AI works best when humans are in the loop. Knowledge communities can provide a robust flow of information that supports and continuously refreshes the content on which AI relies. When organizational processes are identified and documented, AI can take over routine tasks, leaving the creative and more challenging problem-solving tasks to be handled by humans. Behind the scenes, content and product models need to be developed and aligned with data capture processes to make AI components work, but humans must create the knowledge flow and take charge of the content.
Knowledge communities contribute to healthy knowledge flows, which in turn become an invaluable source of accurate, up-to-date information for knowledge bases that support organizational processes.
A knowledge community is essentially a community of practice—a place where experts can share approaches, nominate best practices, and submit exemplars of solutions or deliverables. When carefully planned and managed at enterprise scale, knowledge communities will always be a richer, deeper source of wisdom and expertise than a unit-level group. They can draw upon a more diverse set of information and enable more in-depth analyses.
Knowledge communities can help address several inherent challenges around knowledge capture/refactoring, curation, tagging and retrieval. For many organizations with very large volumes of content, purely manual approaches are costly and cannot keep up with the velocity of knowledge creation and downstream application and thus become cost prohibitive. Instead, a combination of AI/ machine learning, and human in the loop approaches is the only cost effective and sustainable option.
Processes must be in place for capturing, curating, tagging and componentizing legacy content (for examples, decades of documentation for long lifecycle products) and for information sourced from human interactions. This will prepare information to be consumed by chatbots or other automated, AI-based components.
This approach can be used for legacy content and for ongoing knowledge creation processes by making humans more efficient and effective across the knowledge lifecycle. This requires changes in process, planning, identification of appropriate scenarios and a reference knowledge architecture. Although these changes add to the costs and level of effort, that extra work pays offs by capturing and organizing knowledge that is current and relevant to workers. Moreover, building downstream scenarios (such as consumption by marketing, sales or customer service applications) into the knowledge lifecycle speeds the rate of knowledge flow more effectively than other approaches, which will help the organization adapt to changes in customer needs, market forces and competitive threats more quickly and easily.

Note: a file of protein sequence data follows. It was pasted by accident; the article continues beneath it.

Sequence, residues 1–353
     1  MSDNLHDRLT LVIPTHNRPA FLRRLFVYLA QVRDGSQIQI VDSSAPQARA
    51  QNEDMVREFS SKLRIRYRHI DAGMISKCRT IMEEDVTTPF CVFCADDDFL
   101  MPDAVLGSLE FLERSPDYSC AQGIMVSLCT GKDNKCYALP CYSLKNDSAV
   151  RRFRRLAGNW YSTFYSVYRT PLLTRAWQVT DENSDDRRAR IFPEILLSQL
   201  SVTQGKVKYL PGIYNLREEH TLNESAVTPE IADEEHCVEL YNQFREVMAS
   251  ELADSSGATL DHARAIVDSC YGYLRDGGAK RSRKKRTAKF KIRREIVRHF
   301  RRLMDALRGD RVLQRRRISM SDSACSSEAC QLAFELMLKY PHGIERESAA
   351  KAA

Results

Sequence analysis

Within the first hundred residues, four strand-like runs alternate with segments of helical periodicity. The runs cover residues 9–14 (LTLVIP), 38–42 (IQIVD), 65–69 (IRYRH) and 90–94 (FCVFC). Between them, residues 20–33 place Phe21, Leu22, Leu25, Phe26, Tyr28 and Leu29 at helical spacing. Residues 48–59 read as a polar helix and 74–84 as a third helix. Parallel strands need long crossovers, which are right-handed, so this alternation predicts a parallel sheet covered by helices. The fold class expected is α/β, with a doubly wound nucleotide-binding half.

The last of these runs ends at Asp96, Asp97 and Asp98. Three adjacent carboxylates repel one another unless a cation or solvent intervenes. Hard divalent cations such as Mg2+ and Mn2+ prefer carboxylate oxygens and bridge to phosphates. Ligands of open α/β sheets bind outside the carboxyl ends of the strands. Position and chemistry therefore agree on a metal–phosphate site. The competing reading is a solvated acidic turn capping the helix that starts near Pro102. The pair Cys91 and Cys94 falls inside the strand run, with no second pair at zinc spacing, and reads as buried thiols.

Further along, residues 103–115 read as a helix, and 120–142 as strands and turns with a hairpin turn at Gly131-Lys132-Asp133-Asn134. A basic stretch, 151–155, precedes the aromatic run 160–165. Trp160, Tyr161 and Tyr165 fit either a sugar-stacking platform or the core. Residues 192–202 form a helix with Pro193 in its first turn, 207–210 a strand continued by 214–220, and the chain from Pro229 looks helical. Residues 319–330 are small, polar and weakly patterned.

When reviewing content, breaking it into reusable pieces allows consumption by intelligent virtual assistants and chat bots. Larger documents are componentized and structured for the correct retrieval. These content components are tagged using a content model that describes various aspects of the task it supports, the topic, audience, product, configuration, and other parameters.
The content model must be aligned with the product data model with knowledge capture upstream from engineering and development workstreams, and through practitioner communities where internal subject matter experts can share their “on the ground” experience and expertise. Knowledge output of one process is the knowledge input to another process – perhaps another machine learning process. Human in the loop for training bots is certainly very important.
Humans are the source of the knowledge behind the component content that powers cognitive systems, but AI tools can help organize, tag and process information it so it can be found and acted on.
Machine learning with a knowledge architecture can help to surface the most important information for roles, departments, and processes by analyzing the signals from interactions with content (shares, likes, responses) and matching patterns from similar content. This analysis can be from the explicit attributes (metadata tagging—whether human or machine assisted) or through implied or derived latent attributes (that is, patterns that algorithms identify that are less directly observable by humans). For example, the association of similar content can be through a common metadata structure or through deeper patterns that defy explicit classifications. Perhaps several groups working on different but related problems all found the content to be useful. Another group might be offered the same content without obvious metadata that would lead to the association.